It’s night. Or dusk, or twilight. The colors are black and white and gray. The music is moody horn-blown jazz. The surroundings are brick, punctuated by shafts of light pooling before suddenly, briefly, opened doors. The men wear hats. Everybody smokes. The dialogue is terse, staccato. The stakes are high. No one is who they appear to be, and nothing is what it seems.

This is the world of noir. And director Marc Geller and the New Jersey Rep design team have brought it thrillingly, palpably, grittily to life in Noir.

The intentions are made very clear very early on. We see a bleak set made up of gray walls that could—and will—be a prison cell, a police station, and a series of nondescript but sketchy back alleys and street corners. There are several doors and windows. Tellingly, these windows—which in other stories, other sets, would let in light and air—will never open.

Oh yeah, it’s THAT smart.

Tough guy detective McQue is our guide into this shadowy land, laying out his hunches and suspicions as he fills us in on the actions of protagonist Clay Holden, the newest detective on the force. Holden has been promoted on the basis of his reputation for fearless, almost ruthless, protection of his partner. Lieutenant Norbert Grimes quickly takes a shine to Holden, making him his protégée. Holden, for his part, quickly takes more than a shine to the dazzling and enigmatic widow Helen Lydecker, whom he meets at a museum.

The plot swiftly unfolds, primarily through narrated exposition. The elements are the classic tropes of the genre: a femme fatale, a struggle between love and conscience, mistaken identity, misplaced trust, a hidden past (or two), a murder (or two). And even though the elements are familiar, the twists and turns of the plot make the piece inexorably gripping.

Playwright Stan Werse plays it straight. This is a celebration, not a send-up, of the genre. There are no cheap jokes or ironic anachronisms. The dialogue, if not quite as crackling as Billy Wilder’s in Double Indemnity, is tight and cool and crisp, replete with lines like  “Life is too short for maybe” and “Only the movies are black and white” and “In this world, you do what you have to do to survive.” The press materials rightly call this an homage.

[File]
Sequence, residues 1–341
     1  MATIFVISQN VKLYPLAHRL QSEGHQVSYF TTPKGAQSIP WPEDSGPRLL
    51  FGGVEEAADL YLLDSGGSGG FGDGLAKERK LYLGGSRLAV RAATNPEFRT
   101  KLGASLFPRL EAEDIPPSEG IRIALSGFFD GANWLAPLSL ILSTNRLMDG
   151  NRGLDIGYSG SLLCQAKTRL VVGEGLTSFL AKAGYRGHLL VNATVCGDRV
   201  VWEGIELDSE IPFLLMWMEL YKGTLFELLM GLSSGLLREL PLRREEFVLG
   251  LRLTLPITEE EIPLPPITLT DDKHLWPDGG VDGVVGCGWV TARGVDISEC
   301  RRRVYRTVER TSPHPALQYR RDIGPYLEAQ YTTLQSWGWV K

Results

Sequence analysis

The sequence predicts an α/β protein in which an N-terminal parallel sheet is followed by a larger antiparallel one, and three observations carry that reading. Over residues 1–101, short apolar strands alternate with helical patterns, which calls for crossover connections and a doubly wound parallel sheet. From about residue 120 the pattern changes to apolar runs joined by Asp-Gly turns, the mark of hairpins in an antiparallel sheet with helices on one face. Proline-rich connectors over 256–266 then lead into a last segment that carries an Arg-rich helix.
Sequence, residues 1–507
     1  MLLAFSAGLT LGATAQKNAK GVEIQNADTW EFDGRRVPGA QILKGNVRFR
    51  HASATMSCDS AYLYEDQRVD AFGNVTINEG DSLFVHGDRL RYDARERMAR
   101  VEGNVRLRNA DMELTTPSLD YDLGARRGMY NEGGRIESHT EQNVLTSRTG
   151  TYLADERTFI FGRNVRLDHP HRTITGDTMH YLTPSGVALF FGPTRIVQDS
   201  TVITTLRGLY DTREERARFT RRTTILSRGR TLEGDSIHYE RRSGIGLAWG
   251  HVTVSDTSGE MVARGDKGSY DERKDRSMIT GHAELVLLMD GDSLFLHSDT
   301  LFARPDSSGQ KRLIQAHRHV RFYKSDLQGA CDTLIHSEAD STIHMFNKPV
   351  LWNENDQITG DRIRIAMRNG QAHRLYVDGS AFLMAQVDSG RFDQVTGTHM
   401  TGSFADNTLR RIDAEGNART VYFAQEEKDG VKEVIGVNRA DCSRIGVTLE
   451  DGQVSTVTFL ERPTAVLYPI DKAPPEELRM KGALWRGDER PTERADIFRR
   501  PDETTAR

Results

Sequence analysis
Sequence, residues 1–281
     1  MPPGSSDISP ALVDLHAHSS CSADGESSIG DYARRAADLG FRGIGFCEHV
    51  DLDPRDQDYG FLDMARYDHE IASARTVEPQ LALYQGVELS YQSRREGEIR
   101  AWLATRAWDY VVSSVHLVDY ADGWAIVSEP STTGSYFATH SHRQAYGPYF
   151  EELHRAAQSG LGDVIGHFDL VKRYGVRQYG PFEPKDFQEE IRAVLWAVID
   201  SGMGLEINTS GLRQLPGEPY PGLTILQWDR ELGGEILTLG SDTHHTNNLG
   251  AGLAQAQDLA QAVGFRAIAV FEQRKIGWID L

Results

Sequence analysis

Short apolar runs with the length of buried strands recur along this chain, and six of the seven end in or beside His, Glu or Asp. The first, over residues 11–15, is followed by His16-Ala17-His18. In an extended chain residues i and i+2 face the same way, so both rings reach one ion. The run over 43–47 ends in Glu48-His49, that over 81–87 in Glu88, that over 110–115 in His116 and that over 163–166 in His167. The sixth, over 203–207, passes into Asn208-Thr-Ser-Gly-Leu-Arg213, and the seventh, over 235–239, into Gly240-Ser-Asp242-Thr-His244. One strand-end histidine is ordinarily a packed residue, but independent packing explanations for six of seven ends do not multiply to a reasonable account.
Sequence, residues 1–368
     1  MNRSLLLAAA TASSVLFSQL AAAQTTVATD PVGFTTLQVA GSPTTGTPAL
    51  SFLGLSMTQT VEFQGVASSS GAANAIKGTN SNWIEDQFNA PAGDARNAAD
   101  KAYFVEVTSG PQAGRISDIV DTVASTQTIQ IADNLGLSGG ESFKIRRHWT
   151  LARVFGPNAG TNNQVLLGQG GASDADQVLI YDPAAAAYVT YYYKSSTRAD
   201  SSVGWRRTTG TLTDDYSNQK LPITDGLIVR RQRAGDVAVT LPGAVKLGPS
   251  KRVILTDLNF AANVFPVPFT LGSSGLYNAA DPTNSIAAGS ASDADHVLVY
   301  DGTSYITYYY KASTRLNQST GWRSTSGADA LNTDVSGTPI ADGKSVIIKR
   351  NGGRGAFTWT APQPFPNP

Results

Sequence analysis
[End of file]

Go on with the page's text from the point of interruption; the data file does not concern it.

And the director sustains this beautifully. Faced with the challenge of a highly talky play with very little action, Geller gives us just that—very little action. The players stand tableau-still, doing little more than lighting cigarettes, inhaling, exhaling, and talking. So when an action is made—a sudden about-face, a threatening move, a looming presence appearing in a doorway—it is all the more intense and unnerving juxtaposed with the surrounding ominous stillness.

Darrell Glasgow is a handsome and properly quixotic Holden. Thomas Grube as Lieutenant Grimes is oddly, intriguingly, reminiscent of Humphrey Bogart, with his craggy face and voice. As Helen, Catherine LeFrere conveys both sophistication and sass, all the while looking stunning in beautiful black and white creations from costume designer Patricia E. Doherty. Michael McCoy played McQue in Noir’s original outing at the 2011 New York International Fringe Festival, and it shows: he brings a nuanced, believable complexity to this big lug character that a less experienced performer would have missed.

But what grounds the actors to the piece, and what lifts the piece to the ambitions envisioned by Werse and Geller, are the terrific set, costume, light, and sound design.  Jessica Parks, Patricia E. Doherty, Jill Nagle, and Jack Kennedy, respectively, have created a place in which Werse’s words and Geller’s direction can effortlessly evoke and invoke the noirs of the thirties and forties. And don’t miss the very clever opening credits.